LANDOWNER LIABILITY: LD 128, Sen. Tom Saviello’s bill regarding foraging, has been getting some media attention, but is still tabled in ACF, while the other two landowner liability bills, LD 39 and LD 112, are being discussed by a stakeholder group in Judiciary. We’ve met now a couple of times with the committee analyst and we’re waiting for information to come back to the committee before these bills are worked again. This is a complex issue because what seems to be an easy solution doesn’t always work out that way with lots of unintended consequences. MFPC is there to insure that no matter what – if any – bills were to pass, the liability protections that landowners currently have when the public accesses their property remains in place.

MINING: There are a number of bills and initiatives before ENR and they run the gamut from LD 395, which would adopt the proposed rules that DEP promulgated (MFPC supports) to various bills that seek to either repeal or minimize the mining opportunities that the statute affords. The committee is just starting to take on the post-hearing work on those bills. The issue generally will be around for some time because it’s so complex. So stay tuned.

EDUCATION: Rep. William Tuell’s bill, LD 840, would expand the educational opportunities for students in the unorganized territory (UT). As written, the bill would allow UT students to go to school wherever they want and the cost, including travel, would be borne by the UT, affecting the UT budget and everybody’s tax bill. MFPC opposes this bill and testified that the process should be the same in the UT as in other school districts.

ENERGY: There are a number of initiatives before the EUT committee, including LD 532, another attempt to remove the 100-megawatt limit on hydro generation, which MFPC opposed. The committee is waiting for the PUC’s annual report on Maine’s renewable energy portfolio before it moves forward. MFPC supported LD 822, An Act to Ensure Fairness among Large Consumers of Natural Gas which attempts to address inequity between similar manufacturing facilities that source their natural gas from Maine gas utilities vs the federal pipeline. Right now if you get natural gas at a manufacturing facility from a federal pipeline, you don’t pay an assessment to the natural gas conservation fund which is the Efficiency Maine fund. However, if you buy it locally from a Maine gas utility, then you are subject to the conservation fund assessment. This bill attempts to level the playing field.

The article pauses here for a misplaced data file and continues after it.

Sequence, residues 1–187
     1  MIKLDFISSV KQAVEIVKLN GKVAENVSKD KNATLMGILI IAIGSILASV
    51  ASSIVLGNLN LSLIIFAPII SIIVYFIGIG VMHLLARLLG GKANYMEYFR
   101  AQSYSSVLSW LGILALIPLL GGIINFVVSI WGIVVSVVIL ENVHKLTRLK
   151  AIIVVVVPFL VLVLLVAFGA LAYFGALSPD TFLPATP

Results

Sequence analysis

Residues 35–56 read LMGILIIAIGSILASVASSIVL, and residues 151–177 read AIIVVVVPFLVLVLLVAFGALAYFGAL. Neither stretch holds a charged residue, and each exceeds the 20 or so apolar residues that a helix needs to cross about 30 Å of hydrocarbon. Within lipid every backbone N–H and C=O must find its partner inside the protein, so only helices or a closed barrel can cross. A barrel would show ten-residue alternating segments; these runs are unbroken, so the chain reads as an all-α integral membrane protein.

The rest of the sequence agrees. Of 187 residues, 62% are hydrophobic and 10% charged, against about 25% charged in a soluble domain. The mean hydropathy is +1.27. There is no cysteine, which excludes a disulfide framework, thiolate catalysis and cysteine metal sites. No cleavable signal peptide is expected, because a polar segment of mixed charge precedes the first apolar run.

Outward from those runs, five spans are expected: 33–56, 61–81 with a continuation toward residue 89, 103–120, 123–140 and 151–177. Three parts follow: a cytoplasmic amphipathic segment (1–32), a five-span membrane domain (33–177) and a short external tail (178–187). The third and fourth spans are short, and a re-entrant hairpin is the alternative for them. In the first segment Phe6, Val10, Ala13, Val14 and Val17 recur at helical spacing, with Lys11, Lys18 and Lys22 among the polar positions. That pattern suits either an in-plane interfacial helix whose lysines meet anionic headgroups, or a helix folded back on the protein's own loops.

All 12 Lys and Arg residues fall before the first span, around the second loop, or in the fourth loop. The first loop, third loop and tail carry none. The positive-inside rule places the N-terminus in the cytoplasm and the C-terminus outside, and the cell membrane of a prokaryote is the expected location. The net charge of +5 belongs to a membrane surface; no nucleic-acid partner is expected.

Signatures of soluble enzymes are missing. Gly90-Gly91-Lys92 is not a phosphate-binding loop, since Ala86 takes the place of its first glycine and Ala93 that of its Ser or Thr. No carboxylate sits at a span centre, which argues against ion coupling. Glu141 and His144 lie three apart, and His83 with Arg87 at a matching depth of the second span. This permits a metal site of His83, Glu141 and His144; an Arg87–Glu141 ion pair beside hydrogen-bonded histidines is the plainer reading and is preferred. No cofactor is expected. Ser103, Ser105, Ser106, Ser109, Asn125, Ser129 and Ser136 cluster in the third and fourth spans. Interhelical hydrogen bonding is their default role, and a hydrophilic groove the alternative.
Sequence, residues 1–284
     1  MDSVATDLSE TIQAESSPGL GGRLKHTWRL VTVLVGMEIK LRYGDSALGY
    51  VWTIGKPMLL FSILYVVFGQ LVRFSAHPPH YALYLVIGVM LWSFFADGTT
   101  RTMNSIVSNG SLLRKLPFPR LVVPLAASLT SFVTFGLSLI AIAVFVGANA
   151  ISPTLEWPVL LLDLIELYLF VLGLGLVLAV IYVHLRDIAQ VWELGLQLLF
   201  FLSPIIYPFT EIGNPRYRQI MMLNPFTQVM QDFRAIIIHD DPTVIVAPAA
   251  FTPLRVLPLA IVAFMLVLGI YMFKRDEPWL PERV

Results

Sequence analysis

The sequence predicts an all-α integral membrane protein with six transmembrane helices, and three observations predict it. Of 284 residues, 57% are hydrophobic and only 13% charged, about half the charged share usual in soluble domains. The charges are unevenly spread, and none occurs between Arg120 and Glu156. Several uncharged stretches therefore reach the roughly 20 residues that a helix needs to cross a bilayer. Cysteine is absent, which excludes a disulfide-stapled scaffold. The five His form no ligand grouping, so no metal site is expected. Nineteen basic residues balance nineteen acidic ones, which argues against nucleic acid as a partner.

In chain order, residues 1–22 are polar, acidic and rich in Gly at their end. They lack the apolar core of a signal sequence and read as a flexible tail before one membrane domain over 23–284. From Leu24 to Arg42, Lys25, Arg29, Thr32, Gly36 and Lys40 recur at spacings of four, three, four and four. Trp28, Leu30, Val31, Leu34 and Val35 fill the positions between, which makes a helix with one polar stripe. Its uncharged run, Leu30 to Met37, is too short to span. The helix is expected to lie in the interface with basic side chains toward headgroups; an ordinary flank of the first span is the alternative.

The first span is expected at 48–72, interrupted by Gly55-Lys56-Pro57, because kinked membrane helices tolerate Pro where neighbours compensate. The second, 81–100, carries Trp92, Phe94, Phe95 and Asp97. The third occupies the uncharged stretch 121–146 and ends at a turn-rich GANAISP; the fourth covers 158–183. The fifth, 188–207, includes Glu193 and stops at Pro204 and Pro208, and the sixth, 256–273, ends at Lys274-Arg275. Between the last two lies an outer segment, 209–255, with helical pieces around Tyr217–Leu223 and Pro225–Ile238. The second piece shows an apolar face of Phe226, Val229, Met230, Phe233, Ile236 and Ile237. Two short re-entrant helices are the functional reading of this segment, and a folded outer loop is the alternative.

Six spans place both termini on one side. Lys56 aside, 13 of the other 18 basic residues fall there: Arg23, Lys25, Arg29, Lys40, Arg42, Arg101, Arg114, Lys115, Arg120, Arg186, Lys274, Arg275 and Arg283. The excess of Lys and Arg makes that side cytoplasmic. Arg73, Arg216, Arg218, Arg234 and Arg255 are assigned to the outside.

SUNDAY HUNTING: All the bills on Sunday hunting – and they run the gamut – have been grouped together for public hearings on Thursday, April 6, in IFW. MFPC will oppose LD 61,  LD 109, LD 189, LD 485 and LD 694 .

TOXIC CHEMICAL ACT: Along with many others, including the governor’s office, MFPC opposed LD 699 in Labor because it would create a new and other layer of regulation around toxics in the workplace used by employees on top of the current state Toxic Use Reduction Act and federal regulations.

COMMERCIAL FORESTRY EXCISE TAX: MFPC opposed LD 541, which would have broken the connection between the tax and the cost of fighting fires. Only the sponsor, Rep. Craig Hickman testified in favor of the bill, which hasn’t had a work session yet.

SCENIC VIEW BOUNDARIES: LD 901 would expand the view range from 8 to 15 miles for wind energy projects. MFPC opposed, along with a number of landowners, contractors, wind energy companies, the Maine State Chamber of Commerce and others. There was a support from the environmental community for the bill’s more restrictive approach. A work session on the bill was tabled because EUT has a hearing on another bill, 1061, next Tuesday (April 4) that would pull a stakeholder group together through DEP to look at the scenic view issue and bring recommendations back to the Legislature. That seems to be a conversation that people would rather have before any bill passing. MFPC supports LD 1061.

BUY AMERICA, BUILD MAINE: Public hearings have been held on two familiar and nearly identical bills. Sen. Troy Jackson started this effort in 2013 with LD 890 (vetoed), Rep. John Martin continued it in 2015 with LD 407 (died between the houses) and now Troy Jackson has proposed LD 956 and Sen. Saviello has put in LD 895 this session. The only difference between them is that Sen. Jackson has added language to favor in-state contractors and that’s what the discussion is focused on right now, preferential treatment in bidding of state contracts to Maine-based companies.

News Archive

Calendar of Events

128th Maine Legislature second session

When: Wed January 3 10:00 AM - Wed April 18 11:00 PM